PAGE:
Ontario faced a shortage of personal protective equipment at the onset of the COVID-19 pandemic in part because it did not replenish its stockpiles over the previous years, an independent commission examining the impact of the health crisis on long-term care has heard.
Ontario’s former deputy minister of health and long-term care, Bob Bell, told the independent commission that the province’s supply of personal protective equipment should have been refilled around 2017 or 2018, under the previous and current provincial regimes.
Bell, who served as deputy minister for four years until mid-2018 and now chairs an advisory panel for the Revera chain of nursing homes, said there was no conscious decision to let the stockpiles dwindle. The issue simply fell through the cracks, he said.
“In the midst of everything else that goes on in government, the decision to replenish stockpiles was not undertaken as an affirmative action kind of thing that should have been done,” he said in his Dec. 21 testimony that was posted online recently.
He also said the move to destroy expired N95 respirators was, in hindsight, “not a smart decision” because only the elastic posed a potential problem and the masks still had “ventilatory capacity.”
As a result, he said, there was not enough personal protective equipment in the provincial health system when the COVID-19 pandemic hit early last year, and skyrocketing demand made it difficult to obtain once the crisis began.
What’s more, the personal protective equipment that was available was largely earmarked for hospitals rather than long-term care, he said.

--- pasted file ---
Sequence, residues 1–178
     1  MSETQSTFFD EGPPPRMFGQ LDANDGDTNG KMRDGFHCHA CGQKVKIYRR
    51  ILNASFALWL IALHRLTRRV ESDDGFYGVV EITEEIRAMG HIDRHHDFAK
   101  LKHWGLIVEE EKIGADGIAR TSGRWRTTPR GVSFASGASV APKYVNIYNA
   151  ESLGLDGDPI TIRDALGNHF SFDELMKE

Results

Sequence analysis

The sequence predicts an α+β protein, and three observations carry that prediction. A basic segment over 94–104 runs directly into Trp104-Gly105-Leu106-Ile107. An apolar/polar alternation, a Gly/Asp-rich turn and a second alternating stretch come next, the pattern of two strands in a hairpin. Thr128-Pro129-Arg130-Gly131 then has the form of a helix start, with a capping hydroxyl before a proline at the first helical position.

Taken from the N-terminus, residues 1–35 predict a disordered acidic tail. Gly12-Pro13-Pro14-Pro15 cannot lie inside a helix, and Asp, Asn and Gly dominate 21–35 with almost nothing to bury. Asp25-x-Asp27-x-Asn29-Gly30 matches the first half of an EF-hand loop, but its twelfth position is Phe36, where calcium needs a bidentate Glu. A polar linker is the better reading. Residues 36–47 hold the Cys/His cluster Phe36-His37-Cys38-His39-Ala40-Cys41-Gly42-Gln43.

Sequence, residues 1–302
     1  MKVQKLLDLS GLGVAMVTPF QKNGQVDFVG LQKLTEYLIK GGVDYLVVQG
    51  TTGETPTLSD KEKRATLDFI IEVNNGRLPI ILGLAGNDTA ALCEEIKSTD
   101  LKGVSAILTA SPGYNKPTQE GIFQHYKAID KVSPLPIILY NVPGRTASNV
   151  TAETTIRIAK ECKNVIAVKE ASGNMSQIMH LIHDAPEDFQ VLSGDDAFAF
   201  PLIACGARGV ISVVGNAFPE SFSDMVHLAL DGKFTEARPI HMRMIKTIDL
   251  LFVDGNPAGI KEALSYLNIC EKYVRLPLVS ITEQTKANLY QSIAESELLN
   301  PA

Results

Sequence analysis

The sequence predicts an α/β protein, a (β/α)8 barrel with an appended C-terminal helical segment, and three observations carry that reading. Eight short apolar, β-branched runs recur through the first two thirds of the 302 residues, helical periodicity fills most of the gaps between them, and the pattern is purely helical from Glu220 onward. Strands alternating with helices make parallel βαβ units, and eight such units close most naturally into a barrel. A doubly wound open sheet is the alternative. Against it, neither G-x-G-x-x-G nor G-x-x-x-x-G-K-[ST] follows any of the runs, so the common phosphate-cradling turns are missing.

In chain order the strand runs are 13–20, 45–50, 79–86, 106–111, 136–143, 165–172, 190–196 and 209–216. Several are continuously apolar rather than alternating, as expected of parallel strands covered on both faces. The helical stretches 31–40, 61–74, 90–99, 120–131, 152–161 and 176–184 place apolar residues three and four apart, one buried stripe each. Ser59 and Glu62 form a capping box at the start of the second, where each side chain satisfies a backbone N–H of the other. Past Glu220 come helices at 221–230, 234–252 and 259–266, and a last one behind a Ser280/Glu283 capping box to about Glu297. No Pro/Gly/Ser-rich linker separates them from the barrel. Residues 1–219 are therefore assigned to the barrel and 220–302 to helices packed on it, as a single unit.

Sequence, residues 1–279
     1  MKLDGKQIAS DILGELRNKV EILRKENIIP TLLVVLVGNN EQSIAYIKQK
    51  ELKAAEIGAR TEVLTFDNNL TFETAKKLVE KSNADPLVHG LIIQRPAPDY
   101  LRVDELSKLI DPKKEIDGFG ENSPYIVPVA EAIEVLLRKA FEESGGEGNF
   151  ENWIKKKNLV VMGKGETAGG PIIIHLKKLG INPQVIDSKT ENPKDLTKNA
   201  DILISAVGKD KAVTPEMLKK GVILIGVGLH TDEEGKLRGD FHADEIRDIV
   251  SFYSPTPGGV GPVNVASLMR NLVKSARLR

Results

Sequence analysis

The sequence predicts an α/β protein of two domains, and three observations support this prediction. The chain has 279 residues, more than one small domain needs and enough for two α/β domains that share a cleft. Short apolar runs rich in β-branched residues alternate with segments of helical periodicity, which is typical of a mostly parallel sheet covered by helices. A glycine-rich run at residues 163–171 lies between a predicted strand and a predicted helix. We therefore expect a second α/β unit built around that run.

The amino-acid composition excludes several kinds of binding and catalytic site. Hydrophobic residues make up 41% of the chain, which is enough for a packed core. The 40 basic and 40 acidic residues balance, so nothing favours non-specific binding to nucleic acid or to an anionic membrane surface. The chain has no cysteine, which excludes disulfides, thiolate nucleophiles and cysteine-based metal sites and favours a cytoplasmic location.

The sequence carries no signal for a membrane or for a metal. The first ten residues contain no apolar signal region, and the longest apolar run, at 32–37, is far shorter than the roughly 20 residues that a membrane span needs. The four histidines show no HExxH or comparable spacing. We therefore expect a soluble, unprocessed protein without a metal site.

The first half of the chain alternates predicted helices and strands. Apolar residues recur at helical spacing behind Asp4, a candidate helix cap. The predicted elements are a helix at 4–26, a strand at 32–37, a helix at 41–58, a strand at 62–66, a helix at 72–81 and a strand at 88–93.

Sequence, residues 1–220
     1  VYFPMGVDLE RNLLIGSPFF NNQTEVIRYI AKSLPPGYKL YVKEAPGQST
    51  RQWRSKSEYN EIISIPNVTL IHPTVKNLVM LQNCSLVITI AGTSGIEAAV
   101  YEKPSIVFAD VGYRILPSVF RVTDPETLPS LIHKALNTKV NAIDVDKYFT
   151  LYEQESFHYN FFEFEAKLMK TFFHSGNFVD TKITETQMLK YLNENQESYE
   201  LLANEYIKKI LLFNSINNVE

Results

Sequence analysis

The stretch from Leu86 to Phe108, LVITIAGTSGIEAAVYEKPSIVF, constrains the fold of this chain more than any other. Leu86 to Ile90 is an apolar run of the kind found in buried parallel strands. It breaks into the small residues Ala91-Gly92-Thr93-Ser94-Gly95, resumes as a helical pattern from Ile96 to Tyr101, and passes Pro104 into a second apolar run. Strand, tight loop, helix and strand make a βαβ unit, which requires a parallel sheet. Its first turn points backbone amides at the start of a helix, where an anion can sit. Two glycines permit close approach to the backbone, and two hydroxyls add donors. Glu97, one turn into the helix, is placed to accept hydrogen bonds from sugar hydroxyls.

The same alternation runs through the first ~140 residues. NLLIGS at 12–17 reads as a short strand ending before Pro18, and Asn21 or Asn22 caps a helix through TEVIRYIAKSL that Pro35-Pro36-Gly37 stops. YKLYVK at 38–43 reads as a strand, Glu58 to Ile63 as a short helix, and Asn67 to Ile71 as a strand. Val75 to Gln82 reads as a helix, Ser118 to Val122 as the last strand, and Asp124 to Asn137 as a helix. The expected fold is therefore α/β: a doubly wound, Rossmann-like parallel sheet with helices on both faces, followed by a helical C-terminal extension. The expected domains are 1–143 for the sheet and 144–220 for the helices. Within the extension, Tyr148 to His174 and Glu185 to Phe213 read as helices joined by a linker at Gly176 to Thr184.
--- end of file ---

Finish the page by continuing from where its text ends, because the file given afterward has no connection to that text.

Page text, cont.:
“We also focused the stocks distributed to the hospital sector thinking that, should a pandemic arise … the response will be led by hospitals,” he said.
“That’s what happened in 2003 (with SARS). That’s what would have happened with Ebola, and that’s where we focused our stocks of PPE.”
Dr. Samir K. Sinha, director of geriatrics for the Sinai Health System and the University Health Network, told the commission that other jurisdictions, such as British Columbia, were able to deploy their supply of personal protective equipment more efficiently than Ontario and get it to the long-term care system faster.
Sinha, who is also on the Revera advisory panel, said the B.C. government took control of the province’s entire supply of personal protective equipment and distributed it with a science-based approach, preventing any “unnecessary hoarding.”
“As they had prioritized long-term care and congregated care settings early on, they were able to actually get PPE very quickly to those settings, including to primary care practices, much earlier on than we were able to get in Ontario,” he said.
A spokesperson for the Ministry of Health said that since the start of the pandemic, the government has spent nearly $1.1 billion on PPE and other supplies.
David Jensen said the ministry also worked to determine if its expired N95 respirators could safely be used in a clinical setting, and recommended using them for fit testing to cut back on the use of non-expired PPE.
“We continue to make significant progress in securing the necessary personal protective equipment needed to effectively respond to COVID-19,” he said.
More than 2,900 long-term care residents and 10 staff members have died as a result of COVID-19 since the start of the pandemic. Of the province’s 626 long-term care homes, 218 reported an active outbreak on Thursday.
The independent commission, led by the Superior Court’s associate chief justice Frank Marrocco, isn’t open to the public, but transcripts of testimony are later posted online.